Tuesday, 20 March 2018

King Louis XIX, the holder of a remarkable record

When Andy Warhol spoke about everyone having 15 minutes of fame, he might have had King Louis XIX of France in mind, seeing that his “reign” in 1830 lasted for just about that length of time (to be absolutely accurate it was more like 20 minutes, although it is unlikely that anyone was standing by with a stopwatch at the time!

Not surprisingly, not many people have heard of Louis XIX. Indeed, many people might think that the long line of Bourbon Louis’s ended in 1793 when Louis XVI lost his head during the French Revolution. However, there was Louis XVII, the son of Louis XVI, who died in prison at the age of 10, and Louis XVIII, the brother of Louis XVI, who was restored to the French throne on the overthrow of Napoleon Bonaparte. But Louis XIX?

When Louis XVIII died in 1824 he was succeeded by his younger brother, who reigned as Charles X. Charles attempted to restore the monarchy to what it had been before the Revolution, and this led to a second Revolution in July 1830. Charles was luckier than his eldest brother in that he only lost his throne, not his head, and he abdicated in favour of his grandson, who was to reign only very briefly as Henri V.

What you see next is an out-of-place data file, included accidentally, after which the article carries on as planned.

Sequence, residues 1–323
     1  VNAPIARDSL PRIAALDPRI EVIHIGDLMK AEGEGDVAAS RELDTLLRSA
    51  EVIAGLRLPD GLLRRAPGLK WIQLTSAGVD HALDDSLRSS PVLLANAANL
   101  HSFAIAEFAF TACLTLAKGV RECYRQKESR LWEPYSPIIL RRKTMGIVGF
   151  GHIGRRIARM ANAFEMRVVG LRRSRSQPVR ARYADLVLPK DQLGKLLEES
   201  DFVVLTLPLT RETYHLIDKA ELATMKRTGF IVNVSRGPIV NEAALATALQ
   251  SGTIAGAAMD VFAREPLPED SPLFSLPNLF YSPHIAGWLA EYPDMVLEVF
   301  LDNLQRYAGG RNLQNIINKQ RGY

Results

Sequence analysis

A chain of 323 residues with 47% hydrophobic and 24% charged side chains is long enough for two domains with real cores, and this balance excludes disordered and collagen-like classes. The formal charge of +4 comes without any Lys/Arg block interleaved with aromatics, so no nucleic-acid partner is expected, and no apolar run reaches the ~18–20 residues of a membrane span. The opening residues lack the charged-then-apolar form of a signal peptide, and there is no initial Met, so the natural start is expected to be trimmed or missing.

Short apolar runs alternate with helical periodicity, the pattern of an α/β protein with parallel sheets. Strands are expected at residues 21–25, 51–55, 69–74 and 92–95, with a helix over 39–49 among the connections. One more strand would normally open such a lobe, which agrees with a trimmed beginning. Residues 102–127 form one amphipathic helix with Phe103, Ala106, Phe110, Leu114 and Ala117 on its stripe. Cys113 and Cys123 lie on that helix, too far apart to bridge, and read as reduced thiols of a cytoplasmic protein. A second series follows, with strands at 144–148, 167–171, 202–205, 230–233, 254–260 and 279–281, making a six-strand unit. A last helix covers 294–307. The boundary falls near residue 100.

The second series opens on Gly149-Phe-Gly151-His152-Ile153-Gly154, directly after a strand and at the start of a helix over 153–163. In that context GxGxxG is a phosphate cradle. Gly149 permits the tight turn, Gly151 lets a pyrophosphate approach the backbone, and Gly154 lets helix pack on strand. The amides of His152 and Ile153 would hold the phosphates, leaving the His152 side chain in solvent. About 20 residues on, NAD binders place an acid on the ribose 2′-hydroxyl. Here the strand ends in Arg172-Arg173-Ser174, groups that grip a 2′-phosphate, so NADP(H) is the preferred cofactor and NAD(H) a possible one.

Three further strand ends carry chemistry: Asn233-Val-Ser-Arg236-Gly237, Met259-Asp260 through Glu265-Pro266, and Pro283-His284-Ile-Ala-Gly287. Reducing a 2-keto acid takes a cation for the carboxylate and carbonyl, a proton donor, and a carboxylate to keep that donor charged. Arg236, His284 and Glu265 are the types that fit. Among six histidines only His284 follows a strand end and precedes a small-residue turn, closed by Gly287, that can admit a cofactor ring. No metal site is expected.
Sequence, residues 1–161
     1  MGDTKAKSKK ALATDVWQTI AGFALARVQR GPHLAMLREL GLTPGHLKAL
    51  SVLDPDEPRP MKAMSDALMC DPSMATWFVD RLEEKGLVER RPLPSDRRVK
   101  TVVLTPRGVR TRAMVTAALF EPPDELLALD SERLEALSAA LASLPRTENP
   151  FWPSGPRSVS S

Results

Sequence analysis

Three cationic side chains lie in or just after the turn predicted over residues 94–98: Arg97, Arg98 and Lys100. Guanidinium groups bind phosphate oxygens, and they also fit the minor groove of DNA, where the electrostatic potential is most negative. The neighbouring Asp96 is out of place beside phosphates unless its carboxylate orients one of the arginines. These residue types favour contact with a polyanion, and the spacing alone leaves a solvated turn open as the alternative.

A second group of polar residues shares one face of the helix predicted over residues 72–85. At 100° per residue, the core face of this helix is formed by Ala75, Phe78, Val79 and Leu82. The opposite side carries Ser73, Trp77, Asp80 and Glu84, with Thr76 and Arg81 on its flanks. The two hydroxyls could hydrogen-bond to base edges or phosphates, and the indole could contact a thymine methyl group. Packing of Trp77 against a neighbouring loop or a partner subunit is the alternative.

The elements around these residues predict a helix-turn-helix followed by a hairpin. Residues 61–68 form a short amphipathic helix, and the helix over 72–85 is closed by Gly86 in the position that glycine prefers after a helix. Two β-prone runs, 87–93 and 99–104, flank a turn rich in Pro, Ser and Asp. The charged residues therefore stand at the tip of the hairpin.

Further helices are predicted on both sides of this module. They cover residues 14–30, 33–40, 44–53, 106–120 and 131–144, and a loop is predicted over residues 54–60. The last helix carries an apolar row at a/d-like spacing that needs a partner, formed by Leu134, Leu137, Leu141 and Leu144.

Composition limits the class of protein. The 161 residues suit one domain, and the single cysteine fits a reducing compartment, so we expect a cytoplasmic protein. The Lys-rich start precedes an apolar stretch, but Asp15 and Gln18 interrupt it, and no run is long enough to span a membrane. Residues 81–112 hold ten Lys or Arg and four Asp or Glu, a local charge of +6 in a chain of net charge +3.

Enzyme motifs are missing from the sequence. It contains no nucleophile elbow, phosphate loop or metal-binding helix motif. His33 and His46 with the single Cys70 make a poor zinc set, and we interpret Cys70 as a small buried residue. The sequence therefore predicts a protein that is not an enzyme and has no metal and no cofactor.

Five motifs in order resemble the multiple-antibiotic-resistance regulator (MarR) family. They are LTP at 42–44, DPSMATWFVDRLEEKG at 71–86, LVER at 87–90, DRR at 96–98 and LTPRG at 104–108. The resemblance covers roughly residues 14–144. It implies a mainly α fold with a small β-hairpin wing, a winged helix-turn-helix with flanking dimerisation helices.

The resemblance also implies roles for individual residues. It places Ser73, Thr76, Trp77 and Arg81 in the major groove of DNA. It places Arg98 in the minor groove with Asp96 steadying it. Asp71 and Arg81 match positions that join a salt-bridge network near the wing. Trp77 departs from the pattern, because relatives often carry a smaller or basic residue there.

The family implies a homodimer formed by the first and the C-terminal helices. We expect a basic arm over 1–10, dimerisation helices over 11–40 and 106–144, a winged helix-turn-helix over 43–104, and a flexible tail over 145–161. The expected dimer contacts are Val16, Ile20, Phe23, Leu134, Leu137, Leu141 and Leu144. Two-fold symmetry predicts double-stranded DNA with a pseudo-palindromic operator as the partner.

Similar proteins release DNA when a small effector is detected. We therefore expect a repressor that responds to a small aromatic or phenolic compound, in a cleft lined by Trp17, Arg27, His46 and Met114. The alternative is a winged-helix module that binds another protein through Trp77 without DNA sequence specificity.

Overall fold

However, although the father of Henri had died (murdered) back in 1820, Charles had a son who was still alive, namely his elder son Louis, who had supported his father loyally throughout his reign. On 2nd August 1830 Charles signed the abdication document, and the moment his name was on the paper, the royal baton passed to his successor, namely Louis.

The revolutionaries had demanded that Charles abdicate on behalf of himself and his immediate family, thus excluding Louis, but Louis was also required to sign. He hesitated to so do, and for 20 minutes he listened to the entreaties of his wife, who was now technically the Queen of France and rather liked the idea. However, with the whole of France against him, Louis had no choice but to sign and so ended the shortest royal reign ever recorded, anywhere.

The next reign, that of Henri V, did not last a great deal longer, as seven days later the National Assembly declared in favour of the Duke of Orleans who, although a member of the House of Bourbon, had supported the 1789 Revolution and was prepared to rule as a constitutional monarch (King Louis Philippe).

Louis XIX left France for ever and died in Austria in 1844 at the age of 69. For the rest of his life there were a number of ultra-Royalists, known as “Legitimists”, who continued to regard him as the true King of France, but he took no active steps to regain the throne, and therefore goes down as one the more bizarre footnotes of history.

© John Welford